Date: Saturday, May 30, 2020
Session Time: 3:15pm-4:00pm
Presentation Time: 3:30pm-4:00pm
*Purpose: Much remains to learn regarding the long-term effects of living organ donation on donors. Rare events are important, and long-term follow-up with appropriate contemporaneous controls is needed. SRTR, under contract with the Health Resources and Services Administration, is conducting a pilot program to establish a registry of living donor candidates, the Living Donor Collective (LDC).
*Methods: We invited 6 living liver donor programs to participate in the LDC pilot phase. Donor candidates who come prescreened to the transplant program for evaluation are registered with online or batch upload of data submitted to SRTR. After a maximum of 6 months, donation acceptance or reason(s) for not donating are submitted.
*Results: The first liver donor candidates registered at the first pilot site in May 2018. By Sept 30, 2019, all 6 pilot LDC sites were operational, with a total of 256 candidates: 256/258 (99.2%) completed registration; 182/256 (71.1%) received a determination; and 78/182 (42.9%) were approved to donate. Across all sites, the median days from donor candidate registration to donation approval or decision not to donate was 56 (Fig. 1), with significant variation by program from a minimum of 22 to a maximum of 132 days, log rank P=0.015.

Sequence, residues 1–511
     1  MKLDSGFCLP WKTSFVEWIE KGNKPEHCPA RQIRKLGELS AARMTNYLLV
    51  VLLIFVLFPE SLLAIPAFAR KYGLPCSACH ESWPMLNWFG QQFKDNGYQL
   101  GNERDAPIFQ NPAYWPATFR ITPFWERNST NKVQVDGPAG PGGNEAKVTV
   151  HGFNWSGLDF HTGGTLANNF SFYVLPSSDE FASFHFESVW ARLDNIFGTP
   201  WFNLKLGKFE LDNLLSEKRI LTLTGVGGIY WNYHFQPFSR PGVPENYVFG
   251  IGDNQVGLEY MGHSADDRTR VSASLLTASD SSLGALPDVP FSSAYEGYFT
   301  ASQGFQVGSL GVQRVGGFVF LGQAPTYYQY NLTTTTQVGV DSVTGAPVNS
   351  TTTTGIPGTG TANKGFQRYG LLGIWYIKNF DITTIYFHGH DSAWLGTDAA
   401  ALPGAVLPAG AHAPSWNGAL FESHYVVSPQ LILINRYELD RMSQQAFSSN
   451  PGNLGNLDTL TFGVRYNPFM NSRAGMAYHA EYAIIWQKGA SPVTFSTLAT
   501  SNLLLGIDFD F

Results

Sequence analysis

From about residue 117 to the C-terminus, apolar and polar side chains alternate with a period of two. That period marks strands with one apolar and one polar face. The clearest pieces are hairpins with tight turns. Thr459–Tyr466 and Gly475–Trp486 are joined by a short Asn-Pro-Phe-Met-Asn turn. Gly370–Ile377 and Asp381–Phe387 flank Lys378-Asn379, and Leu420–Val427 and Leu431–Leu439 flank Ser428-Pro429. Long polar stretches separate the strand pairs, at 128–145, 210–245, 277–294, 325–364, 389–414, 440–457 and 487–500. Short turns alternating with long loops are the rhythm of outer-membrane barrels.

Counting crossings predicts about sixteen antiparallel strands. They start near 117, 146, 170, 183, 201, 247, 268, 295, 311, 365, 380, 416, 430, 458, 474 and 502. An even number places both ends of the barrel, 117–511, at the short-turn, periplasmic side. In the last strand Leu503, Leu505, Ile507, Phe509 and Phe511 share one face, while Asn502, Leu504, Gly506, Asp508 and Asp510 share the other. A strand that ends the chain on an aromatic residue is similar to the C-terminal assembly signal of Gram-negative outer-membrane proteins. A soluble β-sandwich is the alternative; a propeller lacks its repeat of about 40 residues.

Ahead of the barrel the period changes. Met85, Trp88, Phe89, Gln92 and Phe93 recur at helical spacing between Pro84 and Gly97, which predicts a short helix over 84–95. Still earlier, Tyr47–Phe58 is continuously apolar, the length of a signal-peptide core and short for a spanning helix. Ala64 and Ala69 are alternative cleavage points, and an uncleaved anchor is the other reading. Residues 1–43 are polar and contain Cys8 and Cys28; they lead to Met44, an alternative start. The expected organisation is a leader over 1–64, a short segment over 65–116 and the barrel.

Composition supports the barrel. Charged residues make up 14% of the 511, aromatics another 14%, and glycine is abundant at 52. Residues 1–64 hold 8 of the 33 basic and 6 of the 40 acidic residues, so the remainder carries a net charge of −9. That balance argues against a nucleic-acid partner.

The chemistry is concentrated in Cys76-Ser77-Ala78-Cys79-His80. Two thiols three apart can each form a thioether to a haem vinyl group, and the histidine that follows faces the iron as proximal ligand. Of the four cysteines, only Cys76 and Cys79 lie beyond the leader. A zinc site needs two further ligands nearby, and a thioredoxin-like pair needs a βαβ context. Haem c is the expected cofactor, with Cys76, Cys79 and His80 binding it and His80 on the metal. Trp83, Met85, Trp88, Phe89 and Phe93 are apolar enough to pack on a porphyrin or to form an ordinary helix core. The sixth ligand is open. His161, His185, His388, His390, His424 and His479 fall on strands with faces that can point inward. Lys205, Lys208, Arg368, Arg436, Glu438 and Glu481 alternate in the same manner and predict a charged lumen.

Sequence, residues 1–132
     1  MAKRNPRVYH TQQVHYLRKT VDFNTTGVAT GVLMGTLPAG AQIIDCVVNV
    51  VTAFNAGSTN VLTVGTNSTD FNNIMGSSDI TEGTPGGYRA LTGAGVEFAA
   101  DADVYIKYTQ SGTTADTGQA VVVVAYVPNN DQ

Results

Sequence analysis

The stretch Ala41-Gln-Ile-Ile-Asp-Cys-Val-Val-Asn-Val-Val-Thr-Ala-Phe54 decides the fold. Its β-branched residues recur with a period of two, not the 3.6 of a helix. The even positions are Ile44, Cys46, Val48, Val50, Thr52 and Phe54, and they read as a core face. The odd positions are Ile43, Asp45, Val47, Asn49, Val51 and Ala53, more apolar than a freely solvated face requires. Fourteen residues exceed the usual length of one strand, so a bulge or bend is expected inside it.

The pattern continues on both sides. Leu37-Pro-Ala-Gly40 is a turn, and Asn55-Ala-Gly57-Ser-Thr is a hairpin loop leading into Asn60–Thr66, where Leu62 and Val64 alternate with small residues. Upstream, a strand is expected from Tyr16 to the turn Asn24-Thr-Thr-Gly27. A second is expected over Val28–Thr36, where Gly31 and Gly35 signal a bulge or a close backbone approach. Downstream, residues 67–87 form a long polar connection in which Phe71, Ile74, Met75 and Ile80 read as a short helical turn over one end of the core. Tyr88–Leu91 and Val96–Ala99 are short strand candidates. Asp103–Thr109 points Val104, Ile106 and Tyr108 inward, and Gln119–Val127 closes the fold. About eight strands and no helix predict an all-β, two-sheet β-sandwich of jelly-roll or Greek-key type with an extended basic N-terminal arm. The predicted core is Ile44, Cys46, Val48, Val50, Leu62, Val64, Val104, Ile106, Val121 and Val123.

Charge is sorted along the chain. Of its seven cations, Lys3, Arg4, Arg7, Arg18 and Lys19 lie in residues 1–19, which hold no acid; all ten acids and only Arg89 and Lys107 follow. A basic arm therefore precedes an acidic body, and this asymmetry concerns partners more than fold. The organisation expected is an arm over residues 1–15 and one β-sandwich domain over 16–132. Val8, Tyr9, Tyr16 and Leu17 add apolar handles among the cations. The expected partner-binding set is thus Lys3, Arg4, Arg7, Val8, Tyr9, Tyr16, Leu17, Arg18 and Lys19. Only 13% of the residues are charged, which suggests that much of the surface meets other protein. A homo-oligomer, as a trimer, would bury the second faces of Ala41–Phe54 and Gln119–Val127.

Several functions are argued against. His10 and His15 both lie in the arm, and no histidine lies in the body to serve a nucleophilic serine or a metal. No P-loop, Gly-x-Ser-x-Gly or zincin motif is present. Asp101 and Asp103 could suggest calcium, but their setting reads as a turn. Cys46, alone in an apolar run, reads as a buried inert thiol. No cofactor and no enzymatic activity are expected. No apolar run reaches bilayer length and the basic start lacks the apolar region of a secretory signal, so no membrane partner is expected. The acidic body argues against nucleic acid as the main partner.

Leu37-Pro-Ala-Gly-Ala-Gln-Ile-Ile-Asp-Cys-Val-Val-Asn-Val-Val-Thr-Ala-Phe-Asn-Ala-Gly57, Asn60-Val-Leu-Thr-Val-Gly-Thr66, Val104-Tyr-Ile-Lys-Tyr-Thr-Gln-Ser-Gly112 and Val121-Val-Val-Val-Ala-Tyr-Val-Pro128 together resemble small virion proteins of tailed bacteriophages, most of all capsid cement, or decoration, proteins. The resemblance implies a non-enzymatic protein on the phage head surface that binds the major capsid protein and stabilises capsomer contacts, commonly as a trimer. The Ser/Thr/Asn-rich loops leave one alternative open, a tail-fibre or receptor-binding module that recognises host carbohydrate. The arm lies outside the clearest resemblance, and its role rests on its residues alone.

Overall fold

Of 104 donor candidates who did not donate, the most common donor-related reasons were inadequate liver volume on imaging, vascular or biliary abnormalities, other unfavorable anatomic abnormalities, evidence of liver disease, other biopsy abnormalities, obesity, multiple psychosocial stressors, and psychiatric illness; 30 (29%) did not donate because the donation became unnecessary for reasons related only to the intended recipient. The latter could serve as optimal controls for long-term follow-up studies.
*Conclusions: We conclude that establishing a registry of living liver donor candidates is feasible. Reporting the outcomes of donor candidate evaluations to transplant programs, compared other programs, may help programs better understand their candidate evaluation processes. Long-term follow-up of donors and donor candidates who did not donate may provide much needed information on important outcomes, and may facilitate the donation process in the future.
To cite this abstract in AMA style:Kasiske B, Conboy M, Ahn Y, Israni A, Snyder J. The Living Donor Collective Pilot Evaluations of Living Liver Donor Candidates at 6 Programs [abstract]. Am J Transplant. 2020; 20 (suppl 3). https://atcmeetingabstracts.com/abstract/the-living-donor-collective-pilot-evaluations-of-living-liver-donor-candidates-at-6-programs/. Accessed October 24, 2020.
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